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Darwin (AGW) Awards vs. The Tragedy Of Cold-Related Deaths

(note: I wrote most of the below last night…as it happens, Indur M. Goklany has just published a blog on similar topics, “Winter kills: Excess Deaths in the Winter Months” on WUWT)

Tragic as it is, the death at the age of 70 of Canon Hereward Cooke on Dec 15 in Copenhagen after having cycled in a snowstorm is the stuff of a Darwin Award. One might even be forgiven if thinking of it as foretold by the near-misses of failed Polar kayaker Lewis Pugh in September 2008, and of the cold and starving Catlin Survey team almost stranded in atrocious Arctic weather in April 2009.

Is this a way to confirm Timpanogos/Ed Darrell‘s suggestion that “you guys cheer at train wrecks and hit-and-run auto-pedestrian accidents, too“? I think not (even if I should thank Ed for comparing the lesser Milliband and Gordon Brown to train wrecks and hit-and-run accidents). There is something enormously serious about climate-related deaths. Compared to that, the misadventures of True (AGW) Believers getting themselves and others in trouble for almost no reason at all, well, those become laughable indeed.

Remember the infamous 2003 Summer Heatwave in Europe? Wikipedia claims it killed “more than 37,451” people (the Earth Policy Institute sums up a toll of  “more than 52,000“) across the Continent.  Now take “excess winter mortality” in England and Wales alone, and despair: according to the Office for National Statistics, in 2008/2009 the number of additional deaths “compared with the average for the non-winter period” was 36,700.

One can only imagine a grand total of excess winter deaths for the whole of Europe in the hundreds of thousands. And that happens every single year, whilst the 2003 Heatwave is just an exceptional event that caused for example a total of 2,139 excess deaths in England and Wales.

Notably, in England and Wales even the 2003/2004 winter saw more than 20,000 excess deaths compared to a non-winter period that included…the August 2003 heatwave.

Excess winter mortality, England and Wales, 1999/2000 to 2008/2009
Excess winter mortality, England and Wales, 1999/2000 to 2008/2009 (original from the UK "Office for National Statistics")

Given the way things are shaping up at the moment, the 2009/2010 numbers will likely be in the 30,000-40,000 range too…I am perfectly sure if we had tens of thousands of excess deaths during a hot summer in the UK, even the rocks would be yelling out about the perils of Global Warming. But since those people are dying because of the cold, one might have to guess it must be alright..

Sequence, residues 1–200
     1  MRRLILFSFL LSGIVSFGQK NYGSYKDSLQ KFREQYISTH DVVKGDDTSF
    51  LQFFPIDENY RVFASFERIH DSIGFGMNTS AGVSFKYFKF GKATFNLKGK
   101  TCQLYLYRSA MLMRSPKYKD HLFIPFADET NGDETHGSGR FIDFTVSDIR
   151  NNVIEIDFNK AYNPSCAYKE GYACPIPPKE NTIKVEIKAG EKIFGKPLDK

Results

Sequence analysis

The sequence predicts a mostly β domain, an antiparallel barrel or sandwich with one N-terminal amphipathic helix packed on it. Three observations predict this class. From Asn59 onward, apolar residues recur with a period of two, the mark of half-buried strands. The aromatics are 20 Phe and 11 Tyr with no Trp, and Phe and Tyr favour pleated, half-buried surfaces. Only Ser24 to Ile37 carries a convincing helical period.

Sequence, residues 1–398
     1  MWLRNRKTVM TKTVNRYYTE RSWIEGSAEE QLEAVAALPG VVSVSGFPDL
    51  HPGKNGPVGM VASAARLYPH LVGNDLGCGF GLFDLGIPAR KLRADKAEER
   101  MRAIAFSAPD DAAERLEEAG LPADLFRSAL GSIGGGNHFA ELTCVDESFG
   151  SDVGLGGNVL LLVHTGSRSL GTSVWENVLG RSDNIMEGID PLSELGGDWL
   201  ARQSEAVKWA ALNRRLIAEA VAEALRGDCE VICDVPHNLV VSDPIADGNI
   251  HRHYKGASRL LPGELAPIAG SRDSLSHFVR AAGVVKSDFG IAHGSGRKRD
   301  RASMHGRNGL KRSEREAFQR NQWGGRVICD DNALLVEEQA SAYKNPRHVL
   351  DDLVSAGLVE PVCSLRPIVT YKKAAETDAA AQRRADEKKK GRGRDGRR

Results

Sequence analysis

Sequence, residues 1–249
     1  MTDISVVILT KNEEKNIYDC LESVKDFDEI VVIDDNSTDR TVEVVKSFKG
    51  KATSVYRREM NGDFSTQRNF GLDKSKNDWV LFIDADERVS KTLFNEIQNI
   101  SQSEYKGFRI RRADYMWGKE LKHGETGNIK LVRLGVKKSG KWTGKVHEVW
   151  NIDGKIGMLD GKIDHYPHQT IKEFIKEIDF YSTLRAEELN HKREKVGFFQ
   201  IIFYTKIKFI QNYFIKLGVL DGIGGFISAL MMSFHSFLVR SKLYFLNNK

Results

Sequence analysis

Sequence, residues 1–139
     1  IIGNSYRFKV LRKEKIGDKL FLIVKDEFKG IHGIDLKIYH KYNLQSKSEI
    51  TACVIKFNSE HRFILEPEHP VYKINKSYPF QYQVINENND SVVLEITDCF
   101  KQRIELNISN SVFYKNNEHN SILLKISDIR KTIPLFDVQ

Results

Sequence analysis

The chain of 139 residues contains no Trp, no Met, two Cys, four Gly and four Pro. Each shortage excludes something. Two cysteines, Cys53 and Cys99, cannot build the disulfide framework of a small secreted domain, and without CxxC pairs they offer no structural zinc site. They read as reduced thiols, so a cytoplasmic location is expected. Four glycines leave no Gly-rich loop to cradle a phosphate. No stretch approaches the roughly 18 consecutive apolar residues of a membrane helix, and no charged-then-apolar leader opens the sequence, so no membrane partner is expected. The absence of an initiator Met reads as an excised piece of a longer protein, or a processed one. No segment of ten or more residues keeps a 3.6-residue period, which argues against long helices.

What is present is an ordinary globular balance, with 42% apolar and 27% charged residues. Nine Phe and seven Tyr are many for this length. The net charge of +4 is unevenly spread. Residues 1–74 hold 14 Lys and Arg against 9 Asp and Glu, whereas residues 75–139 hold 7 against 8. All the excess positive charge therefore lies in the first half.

0 replies on “Darwin (AGW) Awards vs. The Tragedy Of Cold-Related Deaths”

There might be global warming or cooling but the important issue is whether we, as a human race, can do anything about it.

There are a host of porkies and not very much truth barraging us everyday so its difficult to know what to believe.

I think I have simplified the issue in an entertaining way on my blog which includes discussion on the CO2 issue.

Please feel welcome to visit and leave a comment.



PS In my country a porky is not a fat person but refers to a statement or assertion of gross falsehood or extreme exaggeration.

On the subject of wildlife deaths, the RSPB (not known for their scepticism of AGW) have published an article entitled “Icy blast set to be millennium’s greatest wildlife disaster”:

‘Dr Mark Avery is the RSPB’s Conservation Director. He said: “The extremely hard winter spanning 1962 and 1963 was arguably the single event that had the greatest impact on Britain’s wildlife within living memory. With the icy weather predicted to last at least another week, this winter could be the single greatest wildlife killer of the new millennium.”‘

In terms of impact on humans and wildlife, if climate change “could”, “may or “might”, it seems that big bad weather “can” and “does.”

PKD, there are several scorpion colonies in southern England, and what’s interesting is that they appear to have been here for well over a century (at least since the 1860s, according to one source.) There’s a long-established population in Sheerness on the Isle of Sheppey and others reported at Ongar Station (Essex) and Colchester. The Sheerness colony at least would have survived winters much harsher than this one (e.g., 1947, 1963); I think they’ve managed to keep going mainly because of the otherwise generally mild English climate but note that they haven’t spread very far geographically in all this time, unlike some other exotics.